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Saturday, November 21, 2015

Fans injured more often than batters hit by pitch. Changes may finally be forced on MLB.

Note the date of my post below and the recent dates of The Times articles.  Basic common sense and human decency should have produced fundamental protection many years ago for baseball fans attending games.  A few weeks ago on the MLB Network I heard former player Eric Byrnes mention that when he attends a game with his kids he has them sit behind the protective screen behind home plate.  Unfortunately, that screen does not extend nearly far enough to protect very many fans.  Read my 2012 post on this, then The Times articles quoted below that.

Protect the Fans! Wednesday, May 30, 2012

While cruising past the Red Sox game at Fenway Park I noticed that a man sitting in what is generally considered to be one of the best seats, near a dugout, had apparently been hit by a foul ball struck by Prince Fielder of Detroit.  There was some concern and the injured person was helped away for medical attention.

We've seen this many times.  So why don't we take corrective action, the type that would be considered basic common sense in any normal context.  Why isn't MLB considered negligent for not making its ball parks more safe for fans?  Why doesn't some municipality take action?  Why don't fans sue? ...

Maybe someone can corroborate this but I seem to recall that a Japanese ball park in which the Yankees opened the regular season about a decade ago had the protective screen behind home plate extend down each line, maybe to the foul poles but I cannot recall.  MLB needs to do that.  Extend that screen as far as is necessary to protect fans who are unable or unwilling to protect themselves and   to protect minor children who cannot make informed decisions.
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M.L.B. Nears Plan for Netting to Protect Fans
By THE ASSOCIATED PRESS NOV. 19, 2015 The New York Times

Major League Baseball is close to new recommendations for safety netting at its stadiums for the 2016 season.

Commissioner Rob Manfred said Thursday that it was “absolutely clear” that there would be changes...

Manfred said that fan safety was paramount ...

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What could possibly have caused the commissioner, Manfred, the A-Rod Slayer, and all those owners to decide to change their policy?  As kid I actually would read the warning on the back of the ticket stub.
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Danger at the Ballpark, and in a Baseball Ticket’s Fine PrintSports Business
By JOE NOCERA NOV. 20, 2015 The New York Times

... the days when major league teams could avoid liability for fan injuries by inserting some legalistic fine print on the back of the ticket could soon be coming to a close...

... at Yankee Stadium on Thursday, Aug. 25, 2011.

A 50-year-old Manhattan real estate executive named Andy Zlotnick had gotten his hands on some great seats for that game: he was sitting in the third row, about 50 feet or so past first base ...

... Hideki Matsui, then playing for the A’s ... Zlotnick, surrounded by open umbrellas, couldn’t see Matsui or Phil Hughes, the Yankees’ pitcher. Thus when Matsui pulled a scorching foul ball down the first-base side, Zlotnick never had a chance. A second — literally — after he heard the crack of the bat, he was on the ground, howling in agony, blood streaming from his eye and the left side of his face.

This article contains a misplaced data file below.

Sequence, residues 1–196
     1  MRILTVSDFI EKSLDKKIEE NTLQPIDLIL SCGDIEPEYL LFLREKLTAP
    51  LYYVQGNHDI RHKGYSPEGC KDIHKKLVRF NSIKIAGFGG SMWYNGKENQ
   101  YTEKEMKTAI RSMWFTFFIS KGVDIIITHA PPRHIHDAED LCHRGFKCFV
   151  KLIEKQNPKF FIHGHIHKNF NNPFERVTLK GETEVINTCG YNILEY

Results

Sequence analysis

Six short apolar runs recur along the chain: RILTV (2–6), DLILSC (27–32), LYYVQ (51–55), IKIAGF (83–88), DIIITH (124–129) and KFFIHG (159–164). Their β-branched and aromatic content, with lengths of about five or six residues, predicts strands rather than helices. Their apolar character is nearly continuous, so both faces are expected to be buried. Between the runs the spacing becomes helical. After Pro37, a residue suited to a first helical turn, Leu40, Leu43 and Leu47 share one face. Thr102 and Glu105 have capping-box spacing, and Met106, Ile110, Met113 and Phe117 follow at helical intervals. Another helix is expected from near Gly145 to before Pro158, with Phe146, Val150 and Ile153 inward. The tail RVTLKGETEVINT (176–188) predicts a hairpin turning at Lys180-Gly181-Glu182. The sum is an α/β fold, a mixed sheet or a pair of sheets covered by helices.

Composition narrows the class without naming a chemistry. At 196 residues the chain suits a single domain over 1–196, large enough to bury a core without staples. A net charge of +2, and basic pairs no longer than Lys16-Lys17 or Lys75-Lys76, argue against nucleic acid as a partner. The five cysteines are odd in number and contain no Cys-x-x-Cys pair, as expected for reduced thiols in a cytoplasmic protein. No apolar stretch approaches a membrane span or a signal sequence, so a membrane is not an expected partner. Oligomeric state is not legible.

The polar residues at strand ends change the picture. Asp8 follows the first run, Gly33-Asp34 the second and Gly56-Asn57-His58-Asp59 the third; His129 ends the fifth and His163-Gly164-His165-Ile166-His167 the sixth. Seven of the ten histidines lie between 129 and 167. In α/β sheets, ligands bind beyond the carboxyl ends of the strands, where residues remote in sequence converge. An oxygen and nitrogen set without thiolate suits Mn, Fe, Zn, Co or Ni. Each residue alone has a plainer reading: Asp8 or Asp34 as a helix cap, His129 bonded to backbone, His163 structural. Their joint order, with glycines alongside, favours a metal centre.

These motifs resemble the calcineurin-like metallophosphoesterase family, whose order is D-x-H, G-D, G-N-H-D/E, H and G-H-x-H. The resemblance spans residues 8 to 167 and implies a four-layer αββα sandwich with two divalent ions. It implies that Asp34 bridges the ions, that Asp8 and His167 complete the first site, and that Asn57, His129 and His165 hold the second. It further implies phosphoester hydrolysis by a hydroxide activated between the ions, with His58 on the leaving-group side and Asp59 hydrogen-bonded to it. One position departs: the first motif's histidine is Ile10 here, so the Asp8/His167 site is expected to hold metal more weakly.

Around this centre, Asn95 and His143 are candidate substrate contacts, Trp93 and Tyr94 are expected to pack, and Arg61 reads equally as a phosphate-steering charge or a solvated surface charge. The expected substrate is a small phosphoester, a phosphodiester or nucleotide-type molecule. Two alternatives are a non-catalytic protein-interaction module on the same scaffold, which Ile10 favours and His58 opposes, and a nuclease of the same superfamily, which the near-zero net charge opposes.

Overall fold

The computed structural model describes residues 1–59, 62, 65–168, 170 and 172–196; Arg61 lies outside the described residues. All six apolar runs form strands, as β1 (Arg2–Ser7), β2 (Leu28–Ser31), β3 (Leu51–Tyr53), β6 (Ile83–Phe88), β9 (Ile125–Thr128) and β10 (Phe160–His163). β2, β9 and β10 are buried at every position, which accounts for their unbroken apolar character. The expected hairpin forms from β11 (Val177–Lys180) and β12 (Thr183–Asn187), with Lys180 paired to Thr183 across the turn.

Matsui’s line drive foul completely destroyed the bones around Zlotnick’s left eye socket, fractured his sinus and upper jaw, and did extensive damage to the left side of his face...

Zlotnick ... discovered that while eight teams forbade the use of umbrellas except during rain delays — two didn’t even allow them in the ballpark — many other teams had policies like the Yankees’, which simply said that umbrellas were permitted, “so long as they do not interfere with other Guests’ enjoyment of the game or event.” No mention of safety, you’ll notice...


He also reached out to Randy Levine, the Yankees’ president. They met in November 2011. Zlotnick showed him pictures of his injury ... “Please ask your owners to prohibit umbrellas so no one will suffer the way I have.” ...

By early 2012, ... Levine told Zlotnick — again according to Zlotnick — “We can’t do anything for you, and my lawyers have told me not to speak to you.” ...

Near the end of 2012, feeling he had been left with no choice, Zlotnick filed a personal-injury lawsuit against the Yankees and Major League Baseball...

“The bearer of the ticket assumes all risk and danger incidental to the sport of baseball,” the Yankees declare on the back on their tickets. The legal boilerplate then goes on to declaim all liability if a fan is injured at Yankee Stadium...

Zlotnick’s lawyer, Edward Steinberg, ... a personal-injury lawyer, viewed Zlotnick’s case differently. In allowing open umbrellas during the game, the Yankees, in his legal opinion, negligently increased the danger posed by the game of baseball...

July 2013, ... State Supreme Court ... in the Bronx ...

In September 2014, a Bloomberg News reporter named David Glovin wrote an article about the extent of the injuries sustained by fans during baseball games... about 1,750 a year. As Glovin noted, “That’s more often than a batter is hit by a pitch, which happened 1,536 times last season.” ...


The former outfielder Matt Stairs once told The Chicago Tribune that he won’t allow his daughters to sit near the dugout.

Many other players have the same rule: Because they see it every game, they know how dangerous those seats are.


In mid-July, two prominent plaintiffs’ firms filed a class-action lawsuit on behalf of all season-ticket holders against Major League Baseball and Commissioner Rob Manfred.
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